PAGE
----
Monkeys were behaviorally trained and tested in a computer-controlled touch screen testing apparatus, similar to an apparatus described previously (Voytko et al., 2008, 2009). In this system, monkeys were located in a transport cage positioned in front of a 17″ touch screen monitor in a sound-attenuated cubicle. The touch screen was interfaced with a computer that controlled all stimulus and reward presentations, and data collection. A reward of low-calorie banana pellets was used, dispensed into a centrally located food cup. The WCST task is similar to the one developed by Moss and colleagues (Moore et al., 2002, 2003) and assesses abstract reasoning, concept formation, and ability to make conceptual shifts in response to changing task demands. Three stimuli appeared in pseudo-random locations on the monitor on each trial. The stimuli differed in color (red, green, blue) and shape (triangle, star, circle). An initial category exemplar (red) was tested for acquisition followed by the testing of three category shifts (triangle, blue, star). For the initial acquisition stage, the monkey was required to touch the red stimulus regardless of its shape on ten consecutive trials to reach criterion. At that time, the reward contingency was switched so that reward was provided only when the triangle, regardless of its color, was touched for ten consecutive trials. The contingency was switched again so that reward was provided only when the blue stimulus, regardless of its shape, was touched for ten consecutive trials. The final contingency condition required touching the star shape, regardless of its color. A 15-s inter-trial interval was used and daily test sessions consisted of 80 trials. All possible combinations of stimuli appeared on the monitor over a four-day cycle and were repeated until criterion was achieved at each stage. We recorded the total number of trials and errors to achieve criterion for each category and total number of perseverative errors (i.e., choosing a stimulus containing a component of the previous rewarded category). Total perseverative errors as a percentage of total number of errors (%PE), and total errors as a percentage of total trials (%TE) were used for correlational analyses. For each animal, the time from the start of testing until the animal made the first choice (response latency) for each day of testing was also recorded to assess motivational differences between groups.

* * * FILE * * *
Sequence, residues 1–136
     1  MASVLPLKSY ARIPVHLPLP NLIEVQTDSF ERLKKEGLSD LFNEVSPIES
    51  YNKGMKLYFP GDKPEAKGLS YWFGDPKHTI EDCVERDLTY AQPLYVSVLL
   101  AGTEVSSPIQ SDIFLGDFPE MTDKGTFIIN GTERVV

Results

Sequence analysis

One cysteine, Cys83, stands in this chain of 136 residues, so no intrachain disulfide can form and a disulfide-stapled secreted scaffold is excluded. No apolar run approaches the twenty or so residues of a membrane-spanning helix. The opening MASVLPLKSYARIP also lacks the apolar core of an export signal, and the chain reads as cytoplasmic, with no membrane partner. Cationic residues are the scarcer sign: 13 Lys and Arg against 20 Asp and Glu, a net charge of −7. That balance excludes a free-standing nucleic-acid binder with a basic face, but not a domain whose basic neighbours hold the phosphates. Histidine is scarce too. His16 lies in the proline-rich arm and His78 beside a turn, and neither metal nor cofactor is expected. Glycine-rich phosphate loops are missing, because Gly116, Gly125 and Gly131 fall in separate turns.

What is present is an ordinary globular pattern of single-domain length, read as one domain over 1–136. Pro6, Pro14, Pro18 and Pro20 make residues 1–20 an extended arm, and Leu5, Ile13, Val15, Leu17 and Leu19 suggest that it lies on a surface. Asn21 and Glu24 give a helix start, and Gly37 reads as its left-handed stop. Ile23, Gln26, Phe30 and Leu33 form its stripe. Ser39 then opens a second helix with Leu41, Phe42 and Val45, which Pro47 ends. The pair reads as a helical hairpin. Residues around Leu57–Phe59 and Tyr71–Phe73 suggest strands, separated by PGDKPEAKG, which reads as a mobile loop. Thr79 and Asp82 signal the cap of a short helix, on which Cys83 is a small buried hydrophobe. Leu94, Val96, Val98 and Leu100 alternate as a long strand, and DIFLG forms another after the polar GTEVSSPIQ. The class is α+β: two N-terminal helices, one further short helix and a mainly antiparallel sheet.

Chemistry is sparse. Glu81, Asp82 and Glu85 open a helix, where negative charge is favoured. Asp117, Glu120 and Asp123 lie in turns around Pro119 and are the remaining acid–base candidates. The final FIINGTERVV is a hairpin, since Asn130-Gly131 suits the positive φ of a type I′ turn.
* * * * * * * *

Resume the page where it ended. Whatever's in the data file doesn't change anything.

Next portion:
Motor Task: Monkey Movement Assessment Panel (mMAP)
The monkey movement assessment panel (mMAP) is an automated system for testing coarse and fine upper extremity motor function (Gash et al., 1999). The details of this method of fine and coarse motor assessment have been described previously (Kastman et al., 2010). The device consists of an outer and inner chamber with openings for the subject to pass its arm through. The inner chamber consists of a receptacle with a platform, straight rod, or curved rod, with each higher level representing increasing level of task difficulty to obtain the reward. The trial begins when the food stimulus is placed in the receptacle. The animal must retrieve the food off receptacle, and withdraw its arm back into the home cage to complete the trial. The time spent with the arm in the outer chamber (coarse movement time) and the duration in the inner chamber removing the reward (fine movement time) were automatically recorded by photodiodes attached to the device and logged by a computer attached to the apparatus. There were 12 trials (6 for each hand) in a given day with a 30 s delay between trials. Each task level was tested for 10 days before proceeding to the next level. Because motor learning is more evident in complex tasks (Gash et al., 1999), fine motor performance for the hardest task, the curved rod, was further divided into two phases: an acquisition phase when the animals were learning the task and a proficiency phase when performance reached an asymptote. The two phases were determined using statistical techniques previously described (Kastman et al., 2010).